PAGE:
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A CurtainUp Review
America Is Hard to See
. . .an easy to enjoy and different theatrical experience at the spacious new Whitney Museum

All photos, unless otherwise identified, courtesy of the Whitney Museum
Every gallery features a floor-to-ceiling rear window leading to a terrace with spectacular views.
The front entrance is reached from a bustling street of restaurants and boutiques.
As a theater critic I don't have as much time as I'd like to wander around New York's museums and art galleries. Yet, going to a museum in very much a theatrical experience. Instead of watching a scripted story brought to life by actors, you see hundreds of stories unfold all around you as you roam around the various galleries. There's the story of your own reaction to the work on display and as a figure in the live portrait created by the museum goers all around you. There's also the theatrical spin-off potential of stories set in museums, like Tina Howe's wonderful satire Museum (my review of most recent revival ); also biographical plays about the artists on display, like Red ( my review of the Broadway production)about Mark Rothko (And yes, one of Rothko's big red pieces is part of the current exhibition).

The new Whitney is of course very much a New York story since real estate-- being in the right neighborhood at the right time -- has always been an essential part of the New York experience. So the Whitney's move to the meat packing district and near the Southern end of the High Line is very much a case of being in the right neighborhood. While plays often move from Off-Broadway to the Great White Way and from there often back to more economically viable off-Broadway houses, The Whitney is moving from one high end location to another, if different, high end one.

The famous Calder Circus (Photo: Elyse Sommer)
Judging from the crowds milling around the lobby on weekday, undaunted by the $22 entry fee, the new Whitney is a huge success. And don't let those crowds fool you. Once you've collected your tickets and headed for the eighth floor from which you should work yourself down, the galleries are remarkably quiet and uncrowded as well as sensibly laid out for easy navigation. And America Is Hard to See is truly a magnificent way to celebrate the museum's mission of celebrating American art and using its expanded space to showcase little known artists as well as and right alongside Whitney "stars." Even these old-time magnet artists' works are new and different within this new exhibit configuration. Take the wonderful Calder circus that greeted visitors entering the old Whitney. It's still in a center stage position, but this time on the 7th floor and surrounded by other works, including a different kind of circus, a boxing match by George Bellows.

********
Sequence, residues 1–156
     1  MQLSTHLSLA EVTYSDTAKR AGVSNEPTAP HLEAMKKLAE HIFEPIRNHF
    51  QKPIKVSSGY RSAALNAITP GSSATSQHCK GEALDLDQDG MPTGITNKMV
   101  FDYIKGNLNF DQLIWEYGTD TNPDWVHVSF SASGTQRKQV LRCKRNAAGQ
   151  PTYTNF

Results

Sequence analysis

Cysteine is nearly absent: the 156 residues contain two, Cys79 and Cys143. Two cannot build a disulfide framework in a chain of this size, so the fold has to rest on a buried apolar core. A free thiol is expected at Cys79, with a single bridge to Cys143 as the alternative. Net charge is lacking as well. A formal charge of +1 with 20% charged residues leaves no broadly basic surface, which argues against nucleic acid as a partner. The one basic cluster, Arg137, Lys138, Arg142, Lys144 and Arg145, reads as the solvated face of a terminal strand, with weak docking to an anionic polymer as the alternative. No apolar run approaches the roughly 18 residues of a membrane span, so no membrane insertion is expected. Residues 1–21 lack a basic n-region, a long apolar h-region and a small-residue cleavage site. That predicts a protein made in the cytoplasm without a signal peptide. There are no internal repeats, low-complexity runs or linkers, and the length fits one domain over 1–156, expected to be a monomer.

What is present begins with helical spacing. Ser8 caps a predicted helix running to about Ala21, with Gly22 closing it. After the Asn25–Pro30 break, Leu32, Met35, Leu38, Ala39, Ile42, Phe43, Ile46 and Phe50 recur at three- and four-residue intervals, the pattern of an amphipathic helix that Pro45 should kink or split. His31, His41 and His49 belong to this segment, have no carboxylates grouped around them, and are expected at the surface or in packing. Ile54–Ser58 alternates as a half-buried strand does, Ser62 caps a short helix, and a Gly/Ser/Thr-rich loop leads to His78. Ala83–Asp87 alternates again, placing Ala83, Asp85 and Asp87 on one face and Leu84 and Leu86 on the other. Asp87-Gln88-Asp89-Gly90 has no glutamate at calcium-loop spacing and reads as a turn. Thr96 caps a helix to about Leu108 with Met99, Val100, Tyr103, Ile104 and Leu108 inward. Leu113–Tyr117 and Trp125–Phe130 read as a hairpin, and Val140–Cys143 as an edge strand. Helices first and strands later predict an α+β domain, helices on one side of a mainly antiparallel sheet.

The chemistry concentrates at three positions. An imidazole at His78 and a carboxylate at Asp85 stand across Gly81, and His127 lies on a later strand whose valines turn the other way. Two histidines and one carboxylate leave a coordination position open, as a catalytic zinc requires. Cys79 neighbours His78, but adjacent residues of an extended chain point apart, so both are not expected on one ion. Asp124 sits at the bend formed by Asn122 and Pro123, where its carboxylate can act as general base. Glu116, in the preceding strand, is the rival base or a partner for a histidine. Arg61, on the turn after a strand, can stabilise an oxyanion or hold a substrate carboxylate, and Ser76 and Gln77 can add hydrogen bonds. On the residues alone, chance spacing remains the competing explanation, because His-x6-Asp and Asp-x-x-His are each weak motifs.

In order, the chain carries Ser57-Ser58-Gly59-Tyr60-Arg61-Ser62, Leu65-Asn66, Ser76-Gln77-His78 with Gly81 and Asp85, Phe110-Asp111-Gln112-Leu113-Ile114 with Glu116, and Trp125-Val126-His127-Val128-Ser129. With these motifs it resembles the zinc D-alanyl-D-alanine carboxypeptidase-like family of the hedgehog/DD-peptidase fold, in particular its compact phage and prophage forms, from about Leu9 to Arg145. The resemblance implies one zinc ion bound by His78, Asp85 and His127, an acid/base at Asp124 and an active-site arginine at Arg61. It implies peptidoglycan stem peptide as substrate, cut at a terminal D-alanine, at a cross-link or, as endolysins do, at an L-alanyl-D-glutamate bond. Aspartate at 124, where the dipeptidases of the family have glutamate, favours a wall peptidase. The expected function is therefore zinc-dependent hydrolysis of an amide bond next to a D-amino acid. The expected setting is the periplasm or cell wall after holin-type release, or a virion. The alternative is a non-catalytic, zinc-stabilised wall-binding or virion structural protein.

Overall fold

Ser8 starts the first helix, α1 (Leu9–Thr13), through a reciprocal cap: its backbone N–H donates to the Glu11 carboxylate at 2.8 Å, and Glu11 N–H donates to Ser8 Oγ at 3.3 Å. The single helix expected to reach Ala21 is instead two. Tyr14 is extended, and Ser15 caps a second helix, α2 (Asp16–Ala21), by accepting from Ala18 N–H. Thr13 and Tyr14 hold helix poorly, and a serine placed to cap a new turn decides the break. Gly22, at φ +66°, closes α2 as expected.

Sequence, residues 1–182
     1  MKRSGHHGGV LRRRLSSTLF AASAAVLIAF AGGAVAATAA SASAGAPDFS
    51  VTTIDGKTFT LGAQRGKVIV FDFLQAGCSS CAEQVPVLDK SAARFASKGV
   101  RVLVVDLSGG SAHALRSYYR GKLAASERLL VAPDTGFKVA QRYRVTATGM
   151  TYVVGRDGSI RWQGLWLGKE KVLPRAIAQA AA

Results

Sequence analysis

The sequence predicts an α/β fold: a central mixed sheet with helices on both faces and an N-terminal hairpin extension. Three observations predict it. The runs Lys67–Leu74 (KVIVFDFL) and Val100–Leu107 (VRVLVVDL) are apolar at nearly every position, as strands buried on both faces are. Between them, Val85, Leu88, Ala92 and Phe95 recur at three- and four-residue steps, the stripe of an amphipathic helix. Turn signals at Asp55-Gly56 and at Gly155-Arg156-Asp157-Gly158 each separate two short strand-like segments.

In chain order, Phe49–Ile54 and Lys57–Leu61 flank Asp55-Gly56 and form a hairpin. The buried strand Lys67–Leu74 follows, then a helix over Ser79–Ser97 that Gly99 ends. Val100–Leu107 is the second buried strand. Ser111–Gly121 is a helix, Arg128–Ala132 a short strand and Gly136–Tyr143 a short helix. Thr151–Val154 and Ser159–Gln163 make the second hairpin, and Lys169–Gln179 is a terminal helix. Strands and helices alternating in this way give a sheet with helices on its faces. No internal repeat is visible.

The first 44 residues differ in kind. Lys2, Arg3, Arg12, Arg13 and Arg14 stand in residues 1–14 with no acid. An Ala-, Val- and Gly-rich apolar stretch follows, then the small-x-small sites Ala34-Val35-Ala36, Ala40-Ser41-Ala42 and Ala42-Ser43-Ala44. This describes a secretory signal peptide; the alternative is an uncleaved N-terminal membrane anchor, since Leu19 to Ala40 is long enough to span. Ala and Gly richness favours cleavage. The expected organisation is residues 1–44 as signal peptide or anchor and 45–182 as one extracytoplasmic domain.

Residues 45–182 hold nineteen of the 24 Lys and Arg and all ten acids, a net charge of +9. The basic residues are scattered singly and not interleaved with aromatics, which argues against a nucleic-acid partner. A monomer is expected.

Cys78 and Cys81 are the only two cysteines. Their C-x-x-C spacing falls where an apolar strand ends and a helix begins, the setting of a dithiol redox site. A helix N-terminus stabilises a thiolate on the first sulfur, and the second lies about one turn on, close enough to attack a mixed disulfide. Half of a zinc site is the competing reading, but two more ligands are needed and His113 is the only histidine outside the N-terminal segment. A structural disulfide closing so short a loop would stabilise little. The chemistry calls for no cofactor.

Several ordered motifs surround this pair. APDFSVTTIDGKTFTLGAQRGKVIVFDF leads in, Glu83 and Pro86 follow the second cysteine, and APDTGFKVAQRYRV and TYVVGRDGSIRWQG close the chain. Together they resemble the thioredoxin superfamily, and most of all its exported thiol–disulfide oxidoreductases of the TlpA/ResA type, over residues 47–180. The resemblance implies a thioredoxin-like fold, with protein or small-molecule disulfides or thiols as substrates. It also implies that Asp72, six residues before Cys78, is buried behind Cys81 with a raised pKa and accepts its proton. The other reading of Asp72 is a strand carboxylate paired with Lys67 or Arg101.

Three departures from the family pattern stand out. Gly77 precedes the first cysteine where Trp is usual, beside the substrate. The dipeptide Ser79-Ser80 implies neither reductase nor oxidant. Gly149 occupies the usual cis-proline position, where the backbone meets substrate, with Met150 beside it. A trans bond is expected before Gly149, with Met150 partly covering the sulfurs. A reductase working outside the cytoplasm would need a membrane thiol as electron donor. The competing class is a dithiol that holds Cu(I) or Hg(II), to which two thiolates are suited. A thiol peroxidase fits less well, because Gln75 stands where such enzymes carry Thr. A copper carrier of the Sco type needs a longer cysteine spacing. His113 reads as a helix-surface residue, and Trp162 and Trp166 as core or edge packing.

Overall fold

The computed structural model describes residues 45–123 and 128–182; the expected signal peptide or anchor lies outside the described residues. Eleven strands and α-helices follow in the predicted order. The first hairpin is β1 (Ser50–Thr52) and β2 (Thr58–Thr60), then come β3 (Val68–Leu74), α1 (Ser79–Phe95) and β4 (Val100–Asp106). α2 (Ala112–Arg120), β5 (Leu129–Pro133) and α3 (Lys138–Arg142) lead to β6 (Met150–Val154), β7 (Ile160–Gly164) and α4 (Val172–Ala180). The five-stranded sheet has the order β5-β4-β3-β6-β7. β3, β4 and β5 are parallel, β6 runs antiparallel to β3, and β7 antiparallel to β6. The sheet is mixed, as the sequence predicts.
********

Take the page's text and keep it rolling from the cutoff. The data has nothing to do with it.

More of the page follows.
George Traylor
Bill Traylor's Walking Man, watercolor and graphite pencil on cardboard. 1939-42.
Given that this is an all-inclusive American art story, attention has also been paid to outsider art. I was particularly intrigued by outsider artist George Traylor who used discarded cartons to fashion his canvases since I was headed from the Whitney to see Athol Fugard's new play about a South African outsider artist who used the rocks on the dusty hillside of a community where he also worked as a farm laborer ( The Painted Rocks of Revolver Creek).

Keith Haring, initially an outsider artist since his early canvases were New York's subway walls and cars. The social-activit artist became very much an insider, and inspired though all too briefly since he died of of AIDS. His story inspired a musical (unfortunately also short-lived), Radiant Baby My review of the Public Theater production ).

As I worked my way downward through each of the exhibitions "chapters" the only sign of the crowds the Whitney's new home is attracting was in the elevators (themselves works of art). Each gallery continued to project a peaceful, uncluttered welcoming experience. And if you're lucky, as I was, to be there on a beautiful day the stop on each floor's terrace was exhilarating.

George Segal
George Segal sculptures (Photo: Elyse Sommer)

The sculptures scattered throughout the exhibit also included familiar old friends like a trio of George Segal figures. The above mentioned museum inspired satire by playwright Tina Laundau included a sly reference to Hansen's work. The never before seen scuptures and assemblages were sometimes amusing and other times deliciously mysterious.

Given the size of this exhibit, it's too much to take it all in with a single visit. By the time I reached the last terrace (this one with comfortable leather couches and not just benches), I was primed for a return visit.

To have a look at more of what's on offer, check out the museum's website which will walk you through all eight flors of An Online view of the America Is Hard to Find exhibits
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